The ATSB examined the maintenance records of bogie NHA-8B. The records show that during the assembly and overhaul of the bogie, all components and relevant measurements meet the requirements of the XPT carriage NHA Bogie Overhaul Specification RX01_0200_123MP.
In June 2014, passenger car XL2235 had the overhauled bogie NHA-8B fitted to the B end of the passenger car. The failed axle of the bogie set (the trailing axle in this case) had new bearings installed. The lead axle assembly had requalified bearings.
In-service inspection and maintenance
XPT carriages undergo trip inspections either at 2-day intervals or at 3000km, and maintenance every 90 days. Both inspection intervals include the testing of axle box temperatures (by feel) as the train is being fuelled and decanted.
Axle boxes are also inspected for:
- loss of lubricant at rear axles seals
- discolouration indicating overheating.
During the operation of carriage XL2235 on 15 August 2014, a defect was noted on bogie NHA-8B on the power car logbook. The defect was reported as a ‘whirring’ noise from beneath the car and the axle boxes were warm to touch. The defect was inspected on the next scheduled service on 16 August 2014 and no issue was found. The carriage was returned to service without any further noted defect regarding whirring noises or warm axle boxes.
The last documented trip inspection was on 23 October 2014 with no issue recorded. Analysis of the maintenance documentation including the defect history and inspection records indicated that there were no pre-existing maintenance issues identified with bogie NHA-8B.
Condition monitoring systems
Condition monitoring systems can be split into two generic types, reactive and predictive. These are akin to reactive and preventative maintenance. A reactive approach requires an immediate action after a serious condition develops or equipment failure occurs, whereas a predictive/preventative approach identifies the requirement for future action before a serious condition develops.
Reactive condition monitoring, such as hotbox detectors, are usually used as a ‘last line of defence’ to protect significant or critical railway infrastructure assets. They are usually used on track associated with production processes such as coal and ore carrying railways, but less common on mixed freight/passenger tracks such as the interstate main lines (refer to appendix A).
In this case, there were no reactive condition monitoring systems in place that could have detected the imminent failure of the bearing on XPT service ST24.
Infrastructure managers and rolling stock operators have directed more effort towards predictive condition monitoring of railway rolling-stock travelling on the interstate main lines. With regards to bearing condition monitoring, the predictive systems adopted are Bearing Acoustic Monitoring (BAM) systems (refer to appendix A).
Being a predictive condition monitoring system, multiple passes of potentially defective bearings are required for trends to be clearly identified and actioned before a defect reaches a critical level. Consequently, the systems are positioned throughout the interstate network based on major rail corridors. For the Sydney-Melbourne corridor, the BAM system was located on the Main South up line at Exeter, NSW (about 155 km from Sydney).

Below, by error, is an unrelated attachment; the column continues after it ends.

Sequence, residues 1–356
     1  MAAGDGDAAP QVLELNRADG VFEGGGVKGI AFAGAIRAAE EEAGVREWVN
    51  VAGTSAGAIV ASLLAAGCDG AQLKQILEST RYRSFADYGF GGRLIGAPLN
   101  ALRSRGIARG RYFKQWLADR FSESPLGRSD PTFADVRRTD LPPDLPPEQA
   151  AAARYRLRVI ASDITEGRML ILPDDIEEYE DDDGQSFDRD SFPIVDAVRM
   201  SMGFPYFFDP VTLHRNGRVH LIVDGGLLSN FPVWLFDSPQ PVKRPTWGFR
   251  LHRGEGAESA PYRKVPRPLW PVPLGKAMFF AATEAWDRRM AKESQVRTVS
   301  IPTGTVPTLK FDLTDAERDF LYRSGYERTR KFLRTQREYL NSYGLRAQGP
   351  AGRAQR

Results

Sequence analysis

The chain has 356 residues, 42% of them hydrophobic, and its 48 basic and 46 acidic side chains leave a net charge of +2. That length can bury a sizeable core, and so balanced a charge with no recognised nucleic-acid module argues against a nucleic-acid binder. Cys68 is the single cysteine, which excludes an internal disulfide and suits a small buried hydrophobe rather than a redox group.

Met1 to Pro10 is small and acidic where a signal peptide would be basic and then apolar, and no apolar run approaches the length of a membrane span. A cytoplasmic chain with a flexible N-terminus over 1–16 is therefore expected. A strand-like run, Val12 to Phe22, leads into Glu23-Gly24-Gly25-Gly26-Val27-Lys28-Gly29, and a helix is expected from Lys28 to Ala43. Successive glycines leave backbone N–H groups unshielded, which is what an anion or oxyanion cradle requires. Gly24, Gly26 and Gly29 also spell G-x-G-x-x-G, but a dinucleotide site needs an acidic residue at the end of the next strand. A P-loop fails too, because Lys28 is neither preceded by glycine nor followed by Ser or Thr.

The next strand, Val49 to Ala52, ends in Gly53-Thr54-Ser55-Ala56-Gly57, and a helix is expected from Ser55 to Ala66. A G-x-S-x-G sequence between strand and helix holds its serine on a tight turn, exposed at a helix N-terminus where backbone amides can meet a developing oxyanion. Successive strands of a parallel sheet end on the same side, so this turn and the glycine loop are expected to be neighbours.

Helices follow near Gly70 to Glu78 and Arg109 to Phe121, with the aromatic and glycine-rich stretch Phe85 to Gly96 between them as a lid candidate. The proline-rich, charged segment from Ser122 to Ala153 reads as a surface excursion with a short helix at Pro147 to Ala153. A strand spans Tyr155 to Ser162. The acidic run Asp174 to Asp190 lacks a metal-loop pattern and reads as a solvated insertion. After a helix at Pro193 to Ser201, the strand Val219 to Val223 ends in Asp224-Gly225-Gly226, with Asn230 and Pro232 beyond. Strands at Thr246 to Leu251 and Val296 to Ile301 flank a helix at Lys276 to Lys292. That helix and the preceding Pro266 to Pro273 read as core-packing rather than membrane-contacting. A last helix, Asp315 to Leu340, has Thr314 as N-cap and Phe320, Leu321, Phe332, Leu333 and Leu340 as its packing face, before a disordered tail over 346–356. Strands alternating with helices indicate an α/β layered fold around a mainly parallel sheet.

Examination of the BAM data for XPT passenger car XL2235 found no evidence of acoustic signatures to suggest the onset of a bearing failure.
- Distance in kilometres from Southern Cross Station, Melbourne.
- The name given to the gauge of track 1435mm wide between running rails.
- State Rail Authority Engineering Instruction EIDSS 5152 requires that any new or recondition bearing should not be used if a shelf storage period of greater than 24 months has occurred since manufacture or reconditioning date. Bearings in this condition shall be returned to a qualified bearing reconditioner to have the grease replaced prior to being installed onto the axle.
- BES is a division of the Schaeffler Group and is the supplier of new and requalified bearings to UGL Unipart.
- Bearings are replaced with wheelsets as per maintenance schedules for 375,000 km or if there is a defect wheelset. Bearings removed from defective wheelsets are not placed back into service until they are inspected and are suitable to be requalified.
- The cracking and flaking of particles out of a surface
- A condition whereby excessive friction between high spots result in localised welding with subsequent spalling and a further roughening of the rubbing surfaces of one or both of two mating parts
- Wear that occurs between tight fitting surfaces subject to oscillation at very small amplitude. This type of wear can be a combination of oxidative wear and abrasive wear.
- Damage to a solid bearing surface characterised by one of more plastically formed indentations brought about by overload. The term is often applied in the case of rolling-element bearings.
- Requalified bearings involves the, disassembly, cleaning, inspection, repair, (if necessary) and reassembly of the roller bearing components to the manufacturer’s specifications. Bearings are scrapped when they are over 10 years old.